The rules are simple: With a $50 million salary cap choose the 9 players you think will perform the best during Week 1 of the NFL season between Sunday’s and Monday night’s games.

For all latest rankings and projections, bookmark our fantasy football rankings 2015 page.

This is how the DraftKings’ scoring works for the NFL:

Offensive players will accumulate points as follows:

Passing TD = +4PTs
25 Passing Yards = +1PT (+0.04PT/ per yard is awarded)
300+ Yard Passing Game = +3PTs
Interception = -1PT
10 Rushing Yards = +1PT (+0.1PT per yard is awarded)
Rushing TD = +6PTs
100+ Yard Rushing Game = +3PTs
10 Receiving Yards = +1PT (+0.1PT per yard is awarded)
Reception = +1PT
Receiving TD = +6PTs
100+ Yard Receiving Game = +3PTs
Punt/Kickoff Return for TD = +6PTs
Fumble Lost = -1PT
2 Point Conversion (Pass, Run, or Catch) = +2PTs
Offensive Fumble Recovery TD = +6PTs

Defense/Special Teams will accumulate points as follows:

Sack = +1PT
Interception = +2PTs
Fumble Recovery = +2PTs
Kickoff Return TD = +6PTs
Punt Return TD = +6PTs
Interception Return TD = +6PTs
Fumble Recovery TD = +6PTs
Blocked Punt or FG Return TD = +6PTs
Safety = +2PTs
Blocked Kick = +2PTs
0 Points Allowed = +10PTs
1-6 Points Allowed = +7PTs
7-13 Points Allowed = +4PTs
14-20 Points Allowed = +1PT
21-27 Points Allowed = 0PTs
28-34 Points Allowed = -1PT
35+ Points Allowed = -4PTs

— The following scoring plays will result in Points Allowed (PA) by your Defense/Special Teams (DST):
Rushing TDs, Passing TDs, Punt Return TDs, Kick Return TDs and Blocked Punt TDs
2pt conversions
Extra points
Field goals

*Note: Points Allowed (PA) only includes points surrendered while DST is on the field — it doesn’t include points given up by team’s offense (i.e. points off offensive turnovers).


The game itself is the same. Click on the player you want, he’s on your roster.

The differences are in the roster size, salary cap amount and scoring.


Roster breakdown (10 total players): 2 pitchers, 3 outfielders, 1 catcher, 1 first baseman, 1 second baseman, 1 shortstop and 1 third baseman.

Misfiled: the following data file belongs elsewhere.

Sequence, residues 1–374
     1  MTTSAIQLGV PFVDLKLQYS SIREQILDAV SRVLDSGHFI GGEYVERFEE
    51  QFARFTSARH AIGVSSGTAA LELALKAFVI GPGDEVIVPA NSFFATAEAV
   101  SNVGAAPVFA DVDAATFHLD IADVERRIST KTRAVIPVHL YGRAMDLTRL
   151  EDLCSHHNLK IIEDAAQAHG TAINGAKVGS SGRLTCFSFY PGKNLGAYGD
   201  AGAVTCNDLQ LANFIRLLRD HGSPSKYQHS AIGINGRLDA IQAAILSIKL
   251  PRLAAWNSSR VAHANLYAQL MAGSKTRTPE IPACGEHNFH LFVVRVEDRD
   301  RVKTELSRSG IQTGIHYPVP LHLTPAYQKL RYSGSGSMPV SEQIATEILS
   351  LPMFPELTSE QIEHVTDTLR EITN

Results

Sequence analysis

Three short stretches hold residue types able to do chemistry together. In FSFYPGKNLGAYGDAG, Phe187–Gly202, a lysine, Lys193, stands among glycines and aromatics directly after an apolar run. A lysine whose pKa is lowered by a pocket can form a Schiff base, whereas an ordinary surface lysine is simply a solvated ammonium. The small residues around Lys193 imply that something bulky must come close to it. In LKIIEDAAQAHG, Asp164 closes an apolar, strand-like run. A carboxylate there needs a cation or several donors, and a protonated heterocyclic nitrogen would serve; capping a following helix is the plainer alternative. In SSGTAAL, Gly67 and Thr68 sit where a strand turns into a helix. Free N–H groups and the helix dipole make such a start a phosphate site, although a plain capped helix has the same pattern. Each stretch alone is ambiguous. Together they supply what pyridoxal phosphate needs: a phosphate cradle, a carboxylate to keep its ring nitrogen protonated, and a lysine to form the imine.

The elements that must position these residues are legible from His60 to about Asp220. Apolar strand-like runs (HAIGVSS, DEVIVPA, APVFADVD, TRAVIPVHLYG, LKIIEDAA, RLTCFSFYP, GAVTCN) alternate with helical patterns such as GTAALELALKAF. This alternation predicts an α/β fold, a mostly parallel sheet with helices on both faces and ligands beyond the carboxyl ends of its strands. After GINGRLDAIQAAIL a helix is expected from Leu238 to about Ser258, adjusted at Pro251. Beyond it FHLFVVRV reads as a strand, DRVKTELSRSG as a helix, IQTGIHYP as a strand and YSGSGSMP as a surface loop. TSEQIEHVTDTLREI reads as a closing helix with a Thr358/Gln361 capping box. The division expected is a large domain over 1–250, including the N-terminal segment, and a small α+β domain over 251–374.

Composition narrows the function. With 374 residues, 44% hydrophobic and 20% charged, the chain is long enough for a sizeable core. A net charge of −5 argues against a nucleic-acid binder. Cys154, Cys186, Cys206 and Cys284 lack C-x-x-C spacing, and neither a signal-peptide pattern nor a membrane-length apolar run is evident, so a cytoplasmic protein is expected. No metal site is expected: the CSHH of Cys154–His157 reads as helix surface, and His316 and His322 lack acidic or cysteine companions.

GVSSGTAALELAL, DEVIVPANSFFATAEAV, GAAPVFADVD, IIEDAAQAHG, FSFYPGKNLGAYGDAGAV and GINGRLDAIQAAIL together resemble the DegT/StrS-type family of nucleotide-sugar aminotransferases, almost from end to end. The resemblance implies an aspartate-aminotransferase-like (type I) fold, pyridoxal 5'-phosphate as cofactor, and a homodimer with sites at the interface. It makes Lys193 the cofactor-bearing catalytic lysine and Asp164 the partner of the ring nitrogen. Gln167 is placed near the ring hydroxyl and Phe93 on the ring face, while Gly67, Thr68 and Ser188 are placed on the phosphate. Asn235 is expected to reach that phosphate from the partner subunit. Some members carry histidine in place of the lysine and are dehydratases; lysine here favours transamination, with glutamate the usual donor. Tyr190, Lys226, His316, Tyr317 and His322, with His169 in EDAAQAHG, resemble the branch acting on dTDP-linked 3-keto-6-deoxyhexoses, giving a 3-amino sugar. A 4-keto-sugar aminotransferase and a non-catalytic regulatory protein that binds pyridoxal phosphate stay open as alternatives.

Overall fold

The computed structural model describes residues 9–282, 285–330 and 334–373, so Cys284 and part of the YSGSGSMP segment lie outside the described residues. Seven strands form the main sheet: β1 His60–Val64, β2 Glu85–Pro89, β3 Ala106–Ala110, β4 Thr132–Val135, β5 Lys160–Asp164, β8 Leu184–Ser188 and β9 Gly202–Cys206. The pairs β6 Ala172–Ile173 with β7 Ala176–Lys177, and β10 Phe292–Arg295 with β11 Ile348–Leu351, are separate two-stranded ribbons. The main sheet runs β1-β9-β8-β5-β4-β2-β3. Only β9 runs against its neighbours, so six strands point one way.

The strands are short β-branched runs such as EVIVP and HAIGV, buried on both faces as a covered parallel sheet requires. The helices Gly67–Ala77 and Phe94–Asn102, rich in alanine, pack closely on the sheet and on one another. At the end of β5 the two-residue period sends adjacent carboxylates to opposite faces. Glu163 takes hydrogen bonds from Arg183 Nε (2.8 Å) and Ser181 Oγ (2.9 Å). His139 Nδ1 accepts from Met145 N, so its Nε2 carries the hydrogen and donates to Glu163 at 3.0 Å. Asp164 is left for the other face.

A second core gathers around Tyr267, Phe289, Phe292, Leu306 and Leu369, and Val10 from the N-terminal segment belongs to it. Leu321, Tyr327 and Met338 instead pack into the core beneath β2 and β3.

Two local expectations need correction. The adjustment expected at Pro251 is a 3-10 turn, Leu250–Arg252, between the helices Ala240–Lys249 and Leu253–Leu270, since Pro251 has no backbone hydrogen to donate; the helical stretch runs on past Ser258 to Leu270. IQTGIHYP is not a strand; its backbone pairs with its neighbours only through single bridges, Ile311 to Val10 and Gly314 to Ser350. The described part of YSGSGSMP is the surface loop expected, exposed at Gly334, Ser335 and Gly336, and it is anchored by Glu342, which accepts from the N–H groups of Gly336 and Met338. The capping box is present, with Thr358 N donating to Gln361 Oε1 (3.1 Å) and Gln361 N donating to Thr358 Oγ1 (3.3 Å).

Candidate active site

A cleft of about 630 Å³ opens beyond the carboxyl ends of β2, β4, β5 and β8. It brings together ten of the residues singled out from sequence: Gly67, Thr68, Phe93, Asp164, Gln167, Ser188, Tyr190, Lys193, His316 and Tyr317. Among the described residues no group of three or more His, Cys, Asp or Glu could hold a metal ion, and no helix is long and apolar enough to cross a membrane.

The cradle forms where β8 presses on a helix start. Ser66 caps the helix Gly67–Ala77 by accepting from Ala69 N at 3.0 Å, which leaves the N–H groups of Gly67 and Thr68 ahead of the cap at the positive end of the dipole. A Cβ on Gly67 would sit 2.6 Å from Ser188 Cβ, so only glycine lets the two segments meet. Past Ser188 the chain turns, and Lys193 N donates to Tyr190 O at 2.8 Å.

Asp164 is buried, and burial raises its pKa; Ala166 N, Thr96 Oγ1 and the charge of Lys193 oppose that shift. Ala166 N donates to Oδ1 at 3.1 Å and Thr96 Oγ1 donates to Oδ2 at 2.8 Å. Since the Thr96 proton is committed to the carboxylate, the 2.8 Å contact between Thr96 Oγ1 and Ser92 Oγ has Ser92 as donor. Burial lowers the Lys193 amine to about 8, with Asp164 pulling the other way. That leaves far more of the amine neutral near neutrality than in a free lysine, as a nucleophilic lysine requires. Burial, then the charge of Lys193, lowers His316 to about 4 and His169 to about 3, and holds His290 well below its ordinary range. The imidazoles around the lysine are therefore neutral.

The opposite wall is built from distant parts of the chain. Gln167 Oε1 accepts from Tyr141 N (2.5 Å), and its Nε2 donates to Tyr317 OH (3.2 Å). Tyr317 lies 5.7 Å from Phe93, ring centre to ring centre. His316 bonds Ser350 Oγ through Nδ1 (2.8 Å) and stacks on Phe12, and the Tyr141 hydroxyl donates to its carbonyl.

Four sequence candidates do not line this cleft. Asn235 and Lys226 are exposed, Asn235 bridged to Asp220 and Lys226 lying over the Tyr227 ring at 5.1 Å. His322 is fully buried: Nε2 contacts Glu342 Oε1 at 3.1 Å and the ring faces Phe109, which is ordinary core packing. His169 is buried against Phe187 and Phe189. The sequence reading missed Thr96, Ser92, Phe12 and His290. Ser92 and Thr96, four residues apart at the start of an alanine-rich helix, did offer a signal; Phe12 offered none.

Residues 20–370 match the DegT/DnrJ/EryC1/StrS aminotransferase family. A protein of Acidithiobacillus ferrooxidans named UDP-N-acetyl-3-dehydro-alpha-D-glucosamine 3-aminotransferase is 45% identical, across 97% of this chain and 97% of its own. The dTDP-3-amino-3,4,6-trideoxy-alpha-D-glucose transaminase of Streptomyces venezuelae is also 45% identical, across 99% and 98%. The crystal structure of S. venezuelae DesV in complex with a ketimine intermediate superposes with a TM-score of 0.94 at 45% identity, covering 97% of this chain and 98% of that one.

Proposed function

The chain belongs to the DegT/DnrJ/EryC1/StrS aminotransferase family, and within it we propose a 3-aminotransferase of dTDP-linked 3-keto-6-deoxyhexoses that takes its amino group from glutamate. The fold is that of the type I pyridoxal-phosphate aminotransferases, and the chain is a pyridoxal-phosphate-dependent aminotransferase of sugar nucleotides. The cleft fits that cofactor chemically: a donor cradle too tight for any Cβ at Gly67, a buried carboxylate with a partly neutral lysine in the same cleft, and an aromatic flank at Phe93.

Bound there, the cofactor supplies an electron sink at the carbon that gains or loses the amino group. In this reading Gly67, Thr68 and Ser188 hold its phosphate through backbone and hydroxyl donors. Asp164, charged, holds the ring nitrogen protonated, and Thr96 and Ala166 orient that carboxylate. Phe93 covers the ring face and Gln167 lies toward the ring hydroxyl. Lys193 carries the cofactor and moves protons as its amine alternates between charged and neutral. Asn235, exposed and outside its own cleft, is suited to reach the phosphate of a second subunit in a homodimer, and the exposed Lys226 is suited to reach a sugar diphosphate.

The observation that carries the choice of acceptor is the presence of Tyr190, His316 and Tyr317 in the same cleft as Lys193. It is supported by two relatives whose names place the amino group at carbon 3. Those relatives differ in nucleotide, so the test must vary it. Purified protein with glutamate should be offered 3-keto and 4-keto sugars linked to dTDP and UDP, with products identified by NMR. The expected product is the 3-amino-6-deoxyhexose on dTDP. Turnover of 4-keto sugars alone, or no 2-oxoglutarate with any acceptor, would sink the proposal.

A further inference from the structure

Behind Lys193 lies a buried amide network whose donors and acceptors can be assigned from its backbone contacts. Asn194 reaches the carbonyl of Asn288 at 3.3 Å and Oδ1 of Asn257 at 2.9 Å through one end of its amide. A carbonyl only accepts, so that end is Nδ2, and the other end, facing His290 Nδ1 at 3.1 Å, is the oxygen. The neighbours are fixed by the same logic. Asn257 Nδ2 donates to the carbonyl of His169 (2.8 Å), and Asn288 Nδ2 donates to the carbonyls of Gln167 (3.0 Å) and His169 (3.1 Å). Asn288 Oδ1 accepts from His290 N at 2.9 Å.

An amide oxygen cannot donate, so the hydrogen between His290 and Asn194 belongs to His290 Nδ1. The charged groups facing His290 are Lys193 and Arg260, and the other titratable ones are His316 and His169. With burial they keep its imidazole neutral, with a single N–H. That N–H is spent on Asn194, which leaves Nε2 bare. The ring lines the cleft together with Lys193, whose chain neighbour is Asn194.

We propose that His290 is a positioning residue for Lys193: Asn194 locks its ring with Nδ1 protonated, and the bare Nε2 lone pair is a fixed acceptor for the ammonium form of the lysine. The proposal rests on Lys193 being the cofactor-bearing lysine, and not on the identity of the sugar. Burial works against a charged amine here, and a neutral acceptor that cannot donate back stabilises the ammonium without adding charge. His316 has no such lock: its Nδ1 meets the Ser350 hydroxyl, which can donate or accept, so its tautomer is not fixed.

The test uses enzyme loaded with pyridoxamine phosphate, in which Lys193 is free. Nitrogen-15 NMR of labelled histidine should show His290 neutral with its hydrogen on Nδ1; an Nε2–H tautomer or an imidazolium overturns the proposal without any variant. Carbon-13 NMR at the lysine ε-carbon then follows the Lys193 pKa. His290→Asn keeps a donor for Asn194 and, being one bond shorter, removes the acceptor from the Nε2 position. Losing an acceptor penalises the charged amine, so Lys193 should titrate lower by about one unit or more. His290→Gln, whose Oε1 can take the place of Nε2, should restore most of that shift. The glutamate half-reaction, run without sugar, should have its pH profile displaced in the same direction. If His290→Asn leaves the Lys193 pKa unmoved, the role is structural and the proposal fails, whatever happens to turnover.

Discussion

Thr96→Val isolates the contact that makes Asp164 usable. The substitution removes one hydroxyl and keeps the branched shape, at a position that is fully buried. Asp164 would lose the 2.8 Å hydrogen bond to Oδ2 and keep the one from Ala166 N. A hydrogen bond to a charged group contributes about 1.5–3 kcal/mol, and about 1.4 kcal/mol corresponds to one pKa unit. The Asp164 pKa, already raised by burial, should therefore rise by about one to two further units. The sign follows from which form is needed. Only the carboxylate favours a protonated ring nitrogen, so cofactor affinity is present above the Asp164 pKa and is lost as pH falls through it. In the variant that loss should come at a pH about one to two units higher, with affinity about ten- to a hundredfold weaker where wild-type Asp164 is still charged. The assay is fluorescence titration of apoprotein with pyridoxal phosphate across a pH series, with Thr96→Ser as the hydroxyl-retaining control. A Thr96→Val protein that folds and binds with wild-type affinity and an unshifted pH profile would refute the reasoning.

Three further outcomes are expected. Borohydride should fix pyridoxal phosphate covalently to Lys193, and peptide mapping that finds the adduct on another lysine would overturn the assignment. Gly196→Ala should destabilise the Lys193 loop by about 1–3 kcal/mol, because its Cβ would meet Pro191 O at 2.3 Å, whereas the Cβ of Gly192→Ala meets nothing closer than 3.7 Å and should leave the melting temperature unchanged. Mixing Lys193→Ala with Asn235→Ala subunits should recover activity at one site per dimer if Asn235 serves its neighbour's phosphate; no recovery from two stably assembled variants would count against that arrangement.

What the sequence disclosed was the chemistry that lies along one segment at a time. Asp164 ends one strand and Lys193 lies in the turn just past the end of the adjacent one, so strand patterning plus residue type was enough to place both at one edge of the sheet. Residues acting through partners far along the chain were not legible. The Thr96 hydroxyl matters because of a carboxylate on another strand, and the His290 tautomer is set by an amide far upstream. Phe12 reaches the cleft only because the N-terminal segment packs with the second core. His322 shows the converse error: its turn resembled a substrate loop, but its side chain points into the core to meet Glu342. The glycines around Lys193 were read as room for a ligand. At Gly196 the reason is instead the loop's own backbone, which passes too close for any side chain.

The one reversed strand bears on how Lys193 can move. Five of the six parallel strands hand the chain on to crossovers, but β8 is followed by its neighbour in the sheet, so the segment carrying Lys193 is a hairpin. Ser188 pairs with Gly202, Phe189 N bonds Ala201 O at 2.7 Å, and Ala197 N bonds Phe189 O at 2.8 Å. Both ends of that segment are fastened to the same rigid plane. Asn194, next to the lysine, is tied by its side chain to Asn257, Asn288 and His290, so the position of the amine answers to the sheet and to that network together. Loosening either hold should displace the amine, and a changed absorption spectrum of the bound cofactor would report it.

Salary Cap: $50,000

Scoring: Click here for the scoring breakdown.

You can sign up for DraftKings here.


Roster breakdown (9 total players): 1 pitcher, 3 outfielders, 1 catcher, 1 first baseman, 1 second baseman, 1 shortstop and 1 third baseman.

Salary Cap: $35,000

Scoring: Click here for the scoring breakdown.

Are DraftKings and FanDuel Legal?

Pirates outfielder Andrew McCutchen. (Getty)

Pirates outfielder Andrew McCutchen. (Getty)

You’ve probably thought to yourself: “This can’t be legal, can it?”

The answer is yes. They are legal. Well, in most states it is.

Unlike sports wagering, playing fantasy sports is considered a skill, so it is not illegal.

This is taken directly from the DraftKings website in the Frequently Asked Questions section:

We are a US-based skill games company, and all of our contests are operated 100% legally under United States and Canadian law. The US Government and 45 of the 50 states consider fantasy sports a game of skill. We do not allow residents of Arizona, Iowa, Louisiana, Montana, or Washington to participate in our contests due to state-specific regulation against cash prize awards. We also require our users to be 18 years of age or older (19 in Alabama and Nebraska). We take the legal status of our contests very seriously. If you have any questions related to this topic, please contact us.

And this is from FanDuel:

Yes, Fantasy Sports is considered a game of skill and received a specific exemption from the 2006 Unlawful Internet Gambling Enforcement Act (UIGEA). FanDuel uses exactly same rules as season long fantasy sports game, the only difference is that our games last only a day. Thanks to fantasy sports being specifically excluded from laws affecting online sports betting, FanDuel is not illegal in any way. Trust us, our lawyers drive very nice cars so that we can keep it that way. We’re also members of the The Fantasy Sports Trade Association (FSTA).

So there you have it.

DraftKings and FanDuel are very similar with the big draw being they each offer real money to win.

Where DraftKings gets an edge is in the amount of sports it offers; they have a few more than FanDuel. And DK has a few more types of contents to participate in.

But both sites are easy to navigate, so it’s a matter of personal preference in that department.

While DraftKings and FanDuel are very similar, there are a number of slight differences, so be sure to check out the entire site before choosing which is best for you. Or maybe you sign up for both and find out that way.

Good luck!